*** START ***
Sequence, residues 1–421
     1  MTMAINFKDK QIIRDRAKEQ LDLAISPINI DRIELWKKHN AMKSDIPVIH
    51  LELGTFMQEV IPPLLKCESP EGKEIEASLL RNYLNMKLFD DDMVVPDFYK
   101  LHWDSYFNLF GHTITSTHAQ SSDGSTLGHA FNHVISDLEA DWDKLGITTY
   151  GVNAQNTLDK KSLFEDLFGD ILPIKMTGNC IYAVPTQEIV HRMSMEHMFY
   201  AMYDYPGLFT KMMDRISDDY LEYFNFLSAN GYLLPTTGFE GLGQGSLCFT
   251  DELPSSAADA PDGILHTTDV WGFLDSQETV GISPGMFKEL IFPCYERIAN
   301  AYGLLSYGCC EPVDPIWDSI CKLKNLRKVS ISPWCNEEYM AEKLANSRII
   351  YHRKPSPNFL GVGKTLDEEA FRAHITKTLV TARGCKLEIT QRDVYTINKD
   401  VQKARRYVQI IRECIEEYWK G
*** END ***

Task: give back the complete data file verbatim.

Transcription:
Sequence, residues 1–421
     1  MTMAINFKDK QIIRDRAKEQ LDLAISPINI DRIELWKKHN AMKSDIPVIH
    51  LELGTFMQEV IPPLLKCESP EGKEIEASLL RNYLNMKLFD DDMVVPDFYK
   101  LHWDSYFNLF GHTITSTHAQ SSDGSTLGHA FNHVISDLEA DWDKLGITTY
   151  GVNAQNTLDK KSLFEDLFGD ILPIKMTGNC IYAVPTQEIV HRMSMEHMFY
   201  AMYDYPGLFT KMMDRISDDY LEYFNFLSAN GYLLPTTGFE GLGQGSLCFT
   251  DELPSSAADA PDGILHTTDV WGFLDSQETV GISPGMFKEL IFPCYERIAN
   301  AYGLLSYGCC EPVDPIWDSI CKLKNLRKVS ISPWCNEEYM AEKLANSRII
   351  YHRKPSPNFL GVGKTLDEEA FRAHITKTLV TARGCKLEIT QRDVYTINKD
   401  VQKARRYVQI IRECIEEYWK G